I was Disco Indian when Disco Indian wasn't cool

Crazy cross-genre combinations are the norm in today's comics world, with zombie super-heroes and dinosaur nazis and "what if super villains ran the world" sorts of high concepts. High being the operative word.

Have you ever wondered, however, why no one has ever done a Native American Cowboy Disco Rebel book before? I know I have! Well thanks to ReaderKate, we learn the answer: Because it's already been done before! Ladies and gentlemen, meet the sartorially challenged genre-busting fashion spectacle that is ... HAWK, Son of Tomahawk!

There's so much to love here, but I think ReaderKate summed it up best in her email to me:

The stories look quite interesting, but oh, that costume! It says not "Half-Indian Cowboy with a Sense of Justice," but "Wealthy Disco Douchebag, circa 1979." All it needs is designer shades and a silver coke spoon necklace.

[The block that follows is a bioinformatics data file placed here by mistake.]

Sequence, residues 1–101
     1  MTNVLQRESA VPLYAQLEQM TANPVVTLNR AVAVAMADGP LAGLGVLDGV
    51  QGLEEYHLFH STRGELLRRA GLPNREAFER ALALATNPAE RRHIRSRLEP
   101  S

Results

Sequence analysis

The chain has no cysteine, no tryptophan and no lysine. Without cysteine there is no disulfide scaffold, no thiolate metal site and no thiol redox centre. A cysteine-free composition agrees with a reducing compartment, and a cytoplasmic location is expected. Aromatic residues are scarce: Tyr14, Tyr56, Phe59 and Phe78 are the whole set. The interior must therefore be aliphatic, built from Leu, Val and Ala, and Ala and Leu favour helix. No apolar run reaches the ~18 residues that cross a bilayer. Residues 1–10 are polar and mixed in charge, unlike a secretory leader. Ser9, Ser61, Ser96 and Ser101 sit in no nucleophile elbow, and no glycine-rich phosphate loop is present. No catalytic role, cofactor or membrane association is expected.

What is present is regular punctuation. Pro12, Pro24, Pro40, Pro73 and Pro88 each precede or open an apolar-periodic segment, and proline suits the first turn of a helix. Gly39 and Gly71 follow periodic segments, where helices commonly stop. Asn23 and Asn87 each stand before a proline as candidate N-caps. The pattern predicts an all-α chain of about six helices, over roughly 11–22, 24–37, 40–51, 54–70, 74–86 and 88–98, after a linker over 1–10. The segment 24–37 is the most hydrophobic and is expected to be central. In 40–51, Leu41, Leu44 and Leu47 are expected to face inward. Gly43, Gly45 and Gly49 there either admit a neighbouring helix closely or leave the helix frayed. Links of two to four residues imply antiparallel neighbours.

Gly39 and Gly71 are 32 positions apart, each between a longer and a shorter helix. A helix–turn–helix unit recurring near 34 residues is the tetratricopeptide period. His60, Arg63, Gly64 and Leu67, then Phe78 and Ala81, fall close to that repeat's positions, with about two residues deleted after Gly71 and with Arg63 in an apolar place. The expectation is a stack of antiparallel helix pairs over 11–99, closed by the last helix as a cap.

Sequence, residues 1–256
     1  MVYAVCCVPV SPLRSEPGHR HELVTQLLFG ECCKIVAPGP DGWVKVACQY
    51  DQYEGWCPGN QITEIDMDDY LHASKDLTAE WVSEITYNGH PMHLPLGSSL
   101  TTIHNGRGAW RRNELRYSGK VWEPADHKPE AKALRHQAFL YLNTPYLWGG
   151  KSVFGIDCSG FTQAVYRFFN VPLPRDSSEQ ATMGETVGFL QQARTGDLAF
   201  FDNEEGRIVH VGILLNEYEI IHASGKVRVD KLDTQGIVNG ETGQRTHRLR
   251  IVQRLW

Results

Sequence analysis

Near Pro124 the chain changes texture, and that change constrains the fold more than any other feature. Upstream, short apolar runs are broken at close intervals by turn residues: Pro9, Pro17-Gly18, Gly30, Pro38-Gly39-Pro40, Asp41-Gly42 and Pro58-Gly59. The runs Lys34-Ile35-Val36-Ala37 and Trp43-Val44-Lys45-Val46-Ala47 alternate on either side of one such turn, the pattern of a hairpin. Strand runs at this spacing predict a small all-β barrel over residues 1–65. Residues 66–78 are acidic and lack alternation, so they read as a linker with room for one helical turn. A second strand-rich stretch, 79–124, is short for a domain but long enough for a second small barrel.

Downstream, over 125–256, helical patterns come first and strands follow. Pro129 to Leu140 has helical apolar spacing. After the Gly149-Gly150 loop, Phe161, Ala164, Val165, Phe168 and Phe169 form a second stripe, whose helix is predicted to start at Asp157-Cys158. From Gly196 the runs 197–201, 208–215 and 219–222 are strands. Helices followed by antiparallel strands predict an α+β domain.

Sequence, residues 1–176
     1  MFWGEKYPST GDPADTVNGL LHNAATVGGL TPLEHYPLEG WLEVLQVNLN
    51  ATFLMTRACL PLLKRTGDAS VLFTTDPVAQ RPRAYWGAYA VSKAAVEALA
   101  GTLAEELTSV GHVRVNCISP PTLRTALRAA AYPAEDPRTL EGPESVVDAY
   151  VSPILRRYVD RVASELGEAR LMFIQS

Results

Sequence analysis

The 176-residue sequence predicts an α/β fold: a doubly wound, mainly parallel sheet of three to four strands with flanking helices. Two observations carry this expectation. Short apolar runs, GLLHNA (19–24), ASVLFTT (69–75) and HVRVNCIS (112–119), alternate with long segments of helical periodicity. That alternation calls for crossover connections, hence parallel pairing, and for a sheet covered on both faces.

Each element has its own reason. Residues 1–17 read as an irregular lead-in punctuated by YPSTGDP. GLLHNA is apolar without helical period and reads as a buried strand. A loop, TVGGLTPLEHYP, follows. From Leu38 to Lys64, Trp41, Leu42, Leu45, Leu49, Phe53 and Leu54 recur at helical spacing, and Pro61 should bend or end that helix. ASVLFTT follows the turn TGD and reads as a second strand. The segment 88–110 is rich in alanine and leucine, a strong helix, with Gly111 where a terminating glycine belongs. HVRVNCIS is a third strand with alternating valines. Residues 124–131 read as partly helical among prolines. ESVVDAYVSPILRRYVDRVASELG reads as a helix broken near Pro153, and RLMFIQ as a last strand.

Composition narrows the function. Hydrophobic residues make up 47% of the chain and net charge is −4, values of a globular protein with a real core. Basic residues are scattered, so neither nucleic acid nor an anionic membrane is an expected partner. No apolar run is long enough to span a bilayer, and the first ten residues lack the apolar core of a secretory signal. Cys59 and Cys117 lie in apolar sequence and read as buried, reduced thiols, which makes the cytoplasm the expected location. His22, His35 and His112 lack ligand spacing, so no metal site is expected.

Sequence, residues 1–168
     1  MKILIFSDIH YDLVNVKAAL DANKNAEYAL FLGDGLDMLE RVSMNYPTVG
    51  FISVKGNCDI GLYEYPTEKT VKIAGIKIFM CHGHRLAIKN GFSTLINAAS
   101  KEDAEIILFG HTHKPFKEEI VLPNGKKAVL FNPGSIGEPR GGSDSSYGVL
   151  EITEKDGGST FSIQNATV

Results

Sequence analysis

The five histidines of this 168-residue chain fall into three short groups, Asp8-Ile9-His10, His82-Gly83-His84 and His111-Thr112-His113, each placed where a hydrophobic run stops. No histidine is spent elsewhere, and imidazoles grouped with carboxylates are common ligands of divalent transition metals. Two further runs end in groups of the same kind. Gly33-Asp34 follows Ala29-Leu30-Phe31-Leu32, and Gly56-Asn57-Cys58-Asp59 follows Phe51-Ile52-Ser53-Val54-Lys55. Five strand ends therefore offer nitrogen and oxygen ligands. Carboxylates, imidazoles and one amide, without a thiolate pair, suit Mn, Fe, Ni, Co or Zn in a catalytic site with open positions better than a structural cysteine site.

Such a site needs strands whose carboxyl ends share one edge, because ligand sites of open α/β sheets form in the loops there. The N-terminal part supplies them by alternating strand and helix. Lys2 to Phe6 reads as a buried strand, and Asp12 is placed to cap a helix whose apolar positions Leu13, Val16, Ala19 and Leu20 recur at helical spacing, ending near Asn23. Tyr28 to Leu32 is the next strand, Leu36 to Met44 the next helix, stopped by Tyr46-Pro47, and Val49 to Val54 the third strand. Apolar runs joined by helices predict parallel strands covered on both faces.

From the James Dean pompadour to the crazy Luke Cage plunging neckline to the super hip bell bottoms (with emergency width-expanding extension flaps for those times when you need maximum wingspan!) and the ready-for-disco handbag, this guy looks like the bastard love child of Dazzler and Angar the Screamer. He's a hero who can ride off with a posse by day and dance all night, just how they grew them out West.

I even love his name. "Hawk, Son of Tomahawk" has a nice sort of symmetry to it. I can't wait to read about "Toma, daughter of Tomahawk", "Omaha, city of Tomahawk", "Awk, Parrot of Tomahawk", and "Tom, Co-Worker of Tomahawk Who Had to Legally Change His Name From Bob to Tom or Die at the Keen Edge of the Aforementioned Tomahawk's Tomahawk, which is named Tomahawk." I'm pretty sure this is where George Foreman got his child-naming regimen.

I have to admit, I didn't think it would be possible to combine this particular set of genres, nor did I think you could come up with a fringed Native American get-up that would look more ridiculous than that sported by the Village People. And yet, that's exactly what DC did, and several decades before it got trendy.

Well played, DC Comics of the early 1970s. Well played indeed.

(Image and character © DC Comics.)